Tag Archives: Captain Joe & Sons

Thank You to Everyone Who Participated in This Year’s Cape Ann Milkweed Project!!!

Monarch Butterflies Pink New England Aster ©Kim Smith 2012Monarch Butterflies Nectaring at Pink New Enlgand Aster, Gloucester

Thank you so much to our most awesome community for participating in the Cape Ann Monarch Milkweed and Aster Project. Today was a huge and wonderful success and we were non-stop with folks dropping in to pick up their seeds and learn more about how they can help the Monarchs. Thank you, thank you, thank you!!!

And my most heartfelt thanks to Joey. He nudged me into doing the sale again this year by inquiring just about a month ago if we were planning a repeat of last year’s plant sale. Joey’s hospitality and interest in everyone who stops by makes Captain Joe’s a wonderfully fun place to have a community event!

Note to anyone who could not pick up their seeds or who was planning to have them sent via a self-addressed stamped envelope: You will recieve an email with information on where to send the check and order amount total. Thanks again to everyone!

Monarch Butterfly fur ©Kim Smith 2012Fun fact about butterflies: Butterflies do not grow fur. The fur-like structures that you see on butterflies are many single cells conjoined to form one long string.

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In case you misplace the instructions on how to prepare your milkweed seeds for spring planting ~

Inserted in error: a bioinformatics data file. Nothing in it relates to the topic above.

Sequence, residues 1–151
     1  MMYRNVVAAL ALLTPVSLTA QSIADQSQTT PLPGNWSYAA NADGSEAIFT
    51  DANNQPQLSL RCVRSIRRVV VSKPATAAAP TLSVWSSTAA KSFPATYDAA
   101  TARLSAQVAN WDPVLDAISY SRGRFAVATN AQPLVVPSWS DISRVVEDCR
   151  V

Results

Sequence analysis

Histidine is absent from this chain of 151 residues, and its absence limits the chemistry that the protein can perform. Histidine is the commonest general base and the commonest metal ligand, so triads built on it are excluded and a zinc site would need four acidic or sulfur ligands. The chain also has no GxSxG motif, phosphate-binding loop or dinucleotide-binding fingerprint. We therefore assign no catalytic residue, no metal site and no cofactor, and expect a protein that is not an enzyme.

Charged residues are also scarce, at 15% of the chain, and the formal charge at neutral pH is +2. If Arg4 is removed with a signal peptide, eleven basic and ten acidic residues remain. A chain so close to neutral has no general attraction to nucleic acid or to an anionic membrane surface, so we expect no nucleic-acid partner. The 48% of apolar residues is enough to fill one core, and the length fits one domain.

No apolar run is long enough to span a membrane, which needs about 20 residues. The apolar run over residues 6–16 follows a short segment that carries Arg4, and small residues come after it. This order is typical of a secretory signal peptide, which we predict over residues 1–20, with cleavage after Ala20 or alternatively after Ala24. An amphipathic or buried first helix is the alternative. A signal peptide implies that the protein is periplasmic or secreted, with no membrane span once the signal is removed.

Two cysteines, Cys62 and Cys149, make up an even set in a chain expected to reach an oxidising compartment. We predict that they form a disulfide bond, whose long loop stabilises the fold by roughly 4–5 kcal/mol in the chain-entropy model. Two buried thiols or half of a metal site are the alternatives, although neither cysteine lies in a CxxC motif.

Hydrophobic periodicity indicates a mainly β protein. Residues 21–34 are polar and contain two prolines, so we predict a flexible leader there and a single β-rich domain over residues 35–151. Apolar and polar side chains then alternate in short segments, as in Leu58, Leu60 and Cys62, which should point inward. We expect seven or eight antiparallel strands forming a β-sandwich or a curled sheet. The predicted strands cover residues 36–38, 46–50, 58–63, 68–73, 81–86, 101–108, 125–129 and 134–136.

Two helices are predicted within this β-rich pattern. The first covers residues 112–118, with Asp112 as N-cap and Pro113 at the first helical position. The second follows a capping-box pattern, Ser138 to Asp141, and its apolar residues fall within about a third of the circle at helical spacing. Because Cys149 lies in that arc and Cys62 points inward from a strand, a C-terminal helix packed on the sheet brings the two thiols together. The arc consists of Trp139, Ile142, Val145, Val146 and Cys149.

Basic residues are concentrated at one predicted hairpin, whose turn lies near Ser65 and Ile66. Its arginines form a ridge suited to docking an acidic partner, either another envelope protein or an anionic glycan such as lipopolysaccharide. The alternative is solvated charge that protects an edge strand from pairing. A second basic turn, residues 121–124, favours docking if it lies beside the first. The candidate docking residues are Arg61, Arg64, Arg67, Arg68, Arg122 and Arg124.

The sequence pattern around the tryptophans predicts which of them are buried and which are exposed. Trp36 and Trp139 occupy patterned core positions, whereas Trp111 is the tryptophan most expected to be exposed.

How to Vernalize Milkweed Seeds for Spring Planting

Seeds of most temperate plants need to be vernalized—in other words, exposed to cold temperatures. The best way to vernalize is by stratification, which means subjecting seeds to a cold and moist environment for a short period of time. By stratifying, the seed’s natural break of dormancy that occurs when the seed spends the winter in the ground is simulated.

#1 Method of Stratifying Milkweed

Open the bag of seeds and place them between very slightly moistened paper towels in a plastic bag in the refrigerator. After vernalizing for 3-6 weeks, the seeds can be planted out in the garden in warm 70º soil.

#2 Method of Stratifying Milkweed

Place ¼ cup of sand mixed with ¼ tsp. of water in a plastic bag. Add the seeds and mix again. Store in plastic bag in the refrigerator. After vernalizing for 3-6 weeks, the seeds can be planted out in the garden in warm 70º soil.

Prepare the planting bed in a sunny location. Scatter seeds, or plant in rows, and cover with no more than ¼ inch of soil.

For natural vernalization, sow collected seeds directly into a prepared bed in the fall and the seed will germinate the following spring.

Monarch Caterpillars Common Milkweed ©Kim Smith 2012Monarch Butterfly Caterpillars Munching on Milkweed

Cape Ann Milkweed Project Seed Pickup and Information Day Sunday, May 18th, from 9:30 to Noon